Back in January the NSA of the Baha’is of the US brought forward contempt charges against the Orthodox Baha’is based on a +40 year old injunction. After a lengthy hearing, the US NSA lost the case as the judge ruled that the injunction didn’t apply to the current Orthodox Baha’i organization. The US NSA (against the better judgement of this humble blogger) decided to appeal that ruling to the United States Court of Appeals (7th Circuit).
The most recent ruling has finally come after many months of deliberations by the appeal judges. The verdict? Again, a ruling against the US NSA. For the full decision, see the bottom of this post.
For those caught unawares of this whole melodrama, allow me to offer you a recap of the action:
In 1966 Mason Remey and the NSA Under the Hereditary Guardianship brought forward a case agains the NSA of the Baha’is of the US. They were attempting to wrest control of the Wilmette temple and assets from the NSA. They lost but the NSA followed up with a counter litigation strategy that sued them for infringing on the “Baha’i” trademark.
The court found in the favor of the NSA and ruled that Mason Remey’s organization couldn’t use the name Baha’i as that belonged to the NSA. I made fun of this ruling because it defies any and all legal precedent as well as good old common sense. In summary, it has no validity since you can not trademark common terms like Christian, Jew, Baha’i, Muslim, etc. Various factions, like for example the Protestant and Catholic churches use the common term of “Christian” or “church” with equal freedom.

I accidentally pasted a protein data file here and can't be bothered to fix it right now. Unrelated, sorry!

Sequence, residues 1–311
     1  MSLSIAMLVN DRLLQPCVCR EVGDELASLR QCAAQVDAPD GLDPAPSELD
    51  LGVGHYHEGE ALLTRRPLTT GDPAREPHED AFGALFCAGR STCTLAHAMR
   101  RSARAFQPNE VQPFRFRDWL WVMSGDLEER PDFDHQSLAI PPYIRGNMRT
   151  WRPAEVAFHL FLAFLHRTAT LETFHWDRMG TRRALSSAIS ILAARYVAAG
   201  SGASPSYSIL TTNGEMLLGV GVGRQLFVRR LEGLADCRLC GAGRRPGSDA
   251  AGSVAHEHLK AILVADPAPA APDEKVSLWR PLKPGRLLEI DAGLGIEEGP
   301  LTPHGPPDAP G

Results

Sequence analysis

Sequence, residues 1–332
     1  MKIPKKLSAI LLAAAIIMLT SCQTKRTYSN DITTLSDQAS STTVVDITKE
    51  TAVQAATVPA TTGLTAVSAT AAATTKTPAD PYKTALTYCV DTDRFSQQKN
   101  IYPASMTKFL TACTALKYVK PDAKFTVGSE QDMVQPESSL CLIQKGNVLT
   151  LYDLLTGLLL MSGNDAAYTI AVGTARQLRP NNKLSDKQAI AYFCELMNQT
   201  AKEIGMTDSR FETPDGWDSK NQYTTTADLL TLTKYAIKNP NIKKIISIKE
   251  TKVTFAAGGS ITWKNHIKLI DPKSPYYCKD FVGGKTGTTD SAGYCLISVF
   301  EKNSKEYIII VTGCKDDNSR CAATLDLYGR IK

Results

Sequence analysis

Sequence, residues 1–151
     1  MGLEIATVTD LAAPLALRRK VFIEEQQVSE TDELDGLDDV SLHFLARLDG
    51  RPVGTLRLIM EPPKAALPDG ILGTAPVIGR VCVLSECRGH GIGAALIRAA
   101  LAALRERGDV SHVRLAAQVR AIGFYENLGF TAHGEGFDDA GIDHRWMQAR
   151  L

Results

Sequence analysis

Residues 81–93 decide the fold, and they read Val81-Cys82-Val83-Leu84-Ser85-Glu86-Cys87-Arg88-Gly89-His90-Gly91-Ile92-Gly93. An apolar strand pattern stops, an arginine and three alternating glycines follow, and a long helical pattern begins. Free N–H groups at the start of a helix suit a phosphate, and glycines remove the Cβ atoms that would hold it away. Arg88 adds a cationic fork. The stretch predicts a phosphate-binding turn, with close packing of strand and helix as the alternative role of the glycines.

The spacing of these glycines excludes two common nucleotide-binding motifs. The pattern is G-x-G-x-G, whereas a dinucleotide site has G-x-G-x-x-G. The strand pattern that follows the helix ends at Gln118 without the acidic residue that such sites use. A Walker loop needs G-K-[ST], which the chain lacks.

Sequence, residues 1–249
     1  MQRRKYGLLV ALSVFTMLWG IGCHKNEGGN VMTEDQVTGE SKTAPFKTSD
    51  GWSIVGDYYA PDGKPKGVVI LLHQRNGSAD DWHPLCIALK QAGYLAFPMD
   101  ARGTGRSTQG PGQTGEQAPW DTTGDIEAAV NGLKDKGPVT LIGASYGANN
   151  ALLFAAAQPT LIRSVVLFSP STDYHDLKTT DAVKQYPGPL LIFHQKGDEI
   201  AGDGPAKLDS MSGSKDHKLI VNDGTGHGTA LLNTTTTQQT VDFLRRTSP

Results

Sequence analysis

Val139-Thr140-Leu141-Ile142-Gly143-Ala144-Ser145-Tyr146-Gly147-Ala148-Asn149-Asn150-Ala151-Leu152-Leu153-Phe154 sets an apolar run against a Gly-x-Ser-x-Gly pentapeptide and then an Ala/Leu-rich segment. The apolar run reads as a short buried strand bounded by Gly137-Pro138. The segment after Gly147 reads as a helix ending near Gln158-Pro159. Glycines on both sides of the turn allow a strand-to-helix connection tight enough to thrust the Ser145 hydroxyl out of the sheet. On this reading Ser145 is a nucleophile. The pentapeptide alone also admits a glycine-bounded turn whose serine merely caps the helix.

Fast forward to 2006. The US NSA decided to unearth the injunction against Remey from 1966 and apply it to the Orthodox Baha’i organization. There is an important distinction here. The case being argued was not regarding the validity of the trademark claim of the NSA (because everyone knew that was non-existent) but rather the case was whether the injuction from 1966 applied originally to Mason Remey’s organization would be valid and relevant to the current Orthodox Baha’i organization.
The NSA of the Baha’is of the US argued that it did. The Orthodox Baha’is that it didn’t because they were a distinct and separate organization. The NSA obviously knew that their case would not be worth anything if it was based on the 1966 trademark ruling so they simply attempted to have the previously applied injunction towards Remey’s organization applied to the Orthodox Baha’i organization. But they failed to prove (twice) that the 1966 ruling applied to the defendants.
The judge ruled in their favor and against the NSA – both times. Here are some interesting excerpts from the ruling:
…civil authorities may not make judgments about religious controversies when deciding church property disputes. Kedroff, 344 U.S. at 116. (The church-autonomy principle recognized in Watson ‚Ä?must now be said to have federal constitutional protection as a part of the free exercise of religion against state interference.‚Ä?).
Building on Kedroff, the Supreme Court held in Presbyterian Church that ‚Ä?the First Amendment severely circumscribes the role that civil courts may play in resolving church property disputes. 393 U.S. at 449. The Court acknowledged that ‚Ä?[c]ivil courts do not inhibit [the] free exercise of religion merely by opening their doors to disputes involving church property.‚Ä? Id. But ‚Ä?First Amendment values are plainly jeopardized when church property litigation is made to turn on the resolution by civil courts of controversies over religious doctrine and practice.‚Ä? Id. The ‚Ä?[First] Amendment therefore commands civil courts to decide church property disputes without resolving underlying controversies over religious doctrine.